Way back in February the Poet Laureate, Sinead Morrissey and I, (with help from a trio of wonderful young poets: Andy Eaton, Erin Halliday and Stephen Sexton), facilitated three weeks of writing workshops for over 60s. The theme was simple. Pick one place in Belfast which evokes a strong memory and write a short, postcard-sized poem or piece of prose exploring this memory.
The workshops were, in part, hilarious as the participants recalled with absolute, unflinching candour some of the incredible things they’d experienced and witnessed, growing up in our city. At times the memories recalled were also very moving. Many of the participants had lost loved ones in the recent past and their perceptions of the city were so interwoven with the important people who populated their past it was impossible to talk about Belfast without invoking oftentimes painful rememberings. It was incredibly moving to watch participants take brave steps in sharing still raw memories and also, for many, having a go at writing creatively for the very first time. The memories shared were also inspiring. They were populated by larger than life characters, full of unbelievable plotlines and rich with evocative colloquialisms, sadly no longer in usage. Some of the stories have stuck with me, demanding, when time allows, to make their mark on future short stories and, even perhaps, novels. I thoroughly enjoyed every minute of the Mapping our Memories sessions, (including the fantastic Lemon Cake from Ashers which had become something of a staple by week three).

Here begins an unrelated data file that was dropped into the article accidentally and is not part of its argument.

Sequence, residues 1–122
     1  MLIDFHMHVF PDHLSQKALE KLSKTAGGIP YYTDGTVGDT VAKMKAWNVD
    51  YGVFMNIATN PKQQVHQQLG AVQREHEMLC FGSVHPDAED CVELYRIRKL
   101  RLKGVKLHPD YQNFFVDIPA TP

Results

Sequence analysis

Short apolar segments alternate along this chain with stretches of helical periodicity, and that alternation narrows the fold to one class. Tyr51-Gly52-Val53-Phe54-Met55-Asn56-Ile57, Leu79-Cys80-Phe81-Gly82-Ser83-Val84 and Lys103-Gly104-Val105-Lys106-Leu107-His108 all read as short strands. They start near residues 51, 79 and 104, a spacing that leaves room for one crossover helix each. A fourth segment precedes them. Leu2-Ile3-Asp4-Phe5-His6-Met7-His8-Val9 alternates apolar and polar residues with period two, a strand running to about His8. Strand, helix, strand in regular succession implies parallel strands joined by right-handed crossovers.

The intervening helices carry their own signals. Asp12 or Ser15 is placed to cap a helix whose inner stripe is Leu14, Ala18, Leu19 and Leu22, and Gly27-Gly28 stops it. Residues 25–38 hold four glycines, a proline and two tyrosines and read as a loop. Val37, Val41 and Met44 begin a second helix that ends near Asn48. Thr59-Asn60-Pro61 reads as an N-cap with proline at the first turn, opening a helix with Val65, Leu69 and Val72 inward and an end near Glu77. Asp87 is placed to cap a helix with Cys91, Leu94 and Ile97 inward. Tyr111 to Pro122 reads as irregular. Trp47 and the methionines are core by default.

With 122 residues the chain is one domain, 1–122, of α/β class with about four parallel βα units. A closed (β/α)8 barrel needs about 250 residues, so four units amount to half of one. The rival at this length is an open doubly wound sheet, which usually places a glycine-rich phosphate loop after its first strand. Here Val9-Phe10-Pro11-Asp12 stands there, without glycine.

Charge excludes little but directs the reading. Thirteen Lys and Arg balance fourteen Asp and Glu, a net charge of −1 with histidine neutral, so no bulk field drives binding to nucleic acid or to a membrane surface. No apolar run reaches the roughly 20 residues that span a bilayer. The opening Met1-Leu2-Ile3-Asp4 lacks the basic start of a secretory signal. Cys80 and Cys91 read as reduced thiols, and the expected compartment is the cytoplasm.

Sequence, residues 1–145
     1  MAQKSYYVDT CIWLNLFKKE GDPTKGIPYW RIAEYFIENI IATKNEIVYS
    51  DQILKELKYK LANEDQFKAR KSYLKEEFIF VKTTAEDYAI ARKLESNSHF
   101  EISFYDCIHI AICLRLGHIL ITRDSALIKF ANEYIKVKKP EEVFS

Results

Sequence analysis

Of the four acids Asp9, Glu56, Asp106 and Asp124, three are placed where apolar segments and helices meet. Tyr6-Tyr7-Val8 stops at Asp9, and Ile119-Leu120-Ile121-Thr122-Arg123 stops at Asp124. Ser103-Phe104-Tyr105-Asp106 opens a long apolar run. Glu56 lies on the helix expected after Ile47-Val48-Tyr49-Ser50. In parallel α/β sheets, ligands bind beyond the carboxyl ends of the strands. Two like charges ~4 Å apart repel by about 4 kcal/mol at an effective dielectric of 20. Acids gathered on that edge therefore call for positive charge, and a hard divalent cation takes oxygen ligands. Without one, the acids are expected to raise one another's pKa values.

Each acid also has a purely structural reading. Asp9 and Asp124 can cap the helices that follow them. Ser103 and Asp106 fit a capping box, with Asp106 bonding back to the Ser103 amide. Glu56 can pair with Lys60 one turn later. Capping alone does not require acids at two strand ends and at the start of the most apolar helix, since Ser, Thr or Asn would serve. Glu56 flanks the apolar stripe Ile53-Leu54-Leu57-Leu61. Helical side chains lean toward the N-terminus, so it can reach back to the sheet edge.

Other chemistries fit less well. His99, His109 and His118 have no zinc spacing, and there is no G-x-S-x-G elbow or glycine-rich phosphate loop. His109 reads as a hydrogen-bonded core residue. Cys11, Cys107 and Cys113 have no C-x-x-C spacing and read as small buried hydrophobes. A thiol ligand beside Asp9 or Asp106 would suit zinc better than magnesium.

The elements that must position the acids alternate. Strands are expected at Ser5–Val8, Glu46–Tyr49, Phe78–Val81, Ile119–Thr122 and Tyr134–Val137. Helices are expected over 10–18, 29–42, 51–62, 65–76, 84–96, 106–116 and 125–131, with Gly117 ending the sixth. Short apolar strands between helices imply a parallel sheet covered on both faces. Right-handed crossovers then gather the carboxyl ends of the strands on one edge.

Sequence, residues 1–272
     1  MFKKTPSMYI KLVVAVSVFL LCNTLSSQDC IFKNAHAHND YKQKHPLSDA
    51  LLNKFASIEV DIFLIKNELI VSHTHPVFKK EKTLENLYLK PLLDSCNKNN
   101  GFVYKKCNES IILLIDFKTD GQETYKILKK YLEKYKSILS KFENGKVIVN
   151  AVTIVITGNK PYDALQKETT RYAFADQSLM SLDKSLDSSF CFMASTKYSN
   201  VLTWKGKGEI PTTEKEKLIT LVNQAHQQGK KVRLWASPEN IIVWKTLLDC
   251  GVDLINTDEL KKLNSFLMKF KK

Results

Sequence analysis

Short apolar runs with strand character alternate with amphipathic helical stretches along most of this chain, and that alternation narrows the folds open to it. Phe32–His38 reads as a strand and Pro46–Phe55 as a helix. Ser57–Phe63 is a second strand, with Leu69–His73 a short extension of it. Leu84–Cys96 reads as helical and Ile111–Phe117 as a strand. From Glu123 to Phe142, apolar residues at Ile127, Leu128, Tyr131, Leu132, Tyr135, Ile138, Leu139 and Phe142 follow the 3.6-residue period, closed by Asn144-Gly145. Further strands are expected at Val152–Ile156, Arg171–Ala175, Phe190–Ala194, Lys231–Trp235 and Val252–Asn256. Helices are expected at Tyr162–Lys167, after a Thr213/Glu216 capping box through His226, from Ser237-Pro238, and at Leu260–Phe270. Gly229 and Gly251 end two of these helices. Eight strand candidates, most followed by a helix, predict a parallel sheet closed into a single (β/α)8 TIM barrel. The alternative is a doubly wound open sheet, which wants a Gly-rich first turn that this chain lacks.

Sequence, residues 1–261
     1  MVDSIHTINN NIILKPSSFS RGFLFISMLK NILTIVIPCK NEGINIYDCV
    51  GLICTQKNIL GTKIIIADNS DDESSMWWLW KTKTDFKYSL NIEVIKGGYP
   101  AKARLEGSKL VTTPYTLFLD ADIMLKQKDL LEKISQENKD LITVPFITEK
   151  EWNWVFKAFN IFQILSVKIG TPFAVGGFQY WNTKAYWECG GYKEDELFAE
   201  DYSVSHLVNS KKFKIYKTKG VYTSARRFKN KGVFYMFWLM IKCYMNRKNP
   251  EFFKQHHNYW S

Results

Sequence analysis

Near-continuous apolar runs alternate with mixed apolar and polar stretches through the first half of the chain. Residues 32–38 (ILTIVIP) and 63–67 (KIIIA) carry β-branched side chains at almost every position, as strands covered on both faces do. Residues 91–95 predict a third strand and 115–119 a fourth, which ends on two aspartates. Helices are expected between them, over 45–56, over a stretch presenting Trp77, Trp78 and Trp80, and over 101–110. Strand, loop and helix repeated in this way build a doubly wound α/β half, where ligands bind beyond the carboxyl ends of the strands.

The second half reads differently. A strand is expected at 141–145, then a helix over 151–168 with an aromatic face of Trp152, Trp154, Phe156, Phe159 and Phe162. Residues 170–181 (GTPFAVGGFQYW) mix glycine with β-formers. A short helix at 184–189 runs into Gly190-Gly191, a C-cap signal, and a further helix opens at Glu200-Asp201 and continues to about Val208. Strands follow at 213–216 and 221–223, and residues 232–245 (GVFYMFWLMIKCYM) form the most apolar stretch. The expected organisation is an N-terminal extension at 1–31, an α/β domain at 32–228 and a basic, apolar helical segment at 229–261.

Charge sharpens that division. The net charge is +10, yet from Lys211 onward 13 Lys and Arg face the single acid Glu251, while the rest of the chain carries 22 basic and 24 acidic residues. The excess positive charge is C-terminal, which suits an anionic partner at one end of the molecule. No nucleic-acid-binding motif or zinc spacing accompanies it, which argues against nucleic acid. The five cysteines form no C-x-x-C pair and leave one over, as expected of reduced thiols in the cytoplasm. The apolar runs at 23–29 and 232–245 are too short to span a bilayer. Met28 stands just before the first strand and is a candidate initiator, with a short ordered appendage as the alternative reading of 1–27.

Last night we met together at the Ulster Hall to celebrate the group’s achievement in bringing the Mapping our Memories project together. There are a few snaps above from the launch event where almost ten of the participants were brave enough to share their work with the rest of the group. The exhibition of writing produced by the project, alongside a selection of Belfast images which inspired these memories, is on display at the Ulster Hall, Group Space until the end of May. Special thanks are due to my wonderful assistant Emily DeDakis who sourced images, designed lay outs and spent almost two days on the floor of our office, clip framing like it was 1995. it’s been a privilege and an honour to take part in this project and I’m hoping that some of the fledgling writers who attended will seize the opportunity to pursue creative writing in the future. As one participant concluded last night, “nostalgia is what it used to be,” and it was wonderful to be part of the remembering.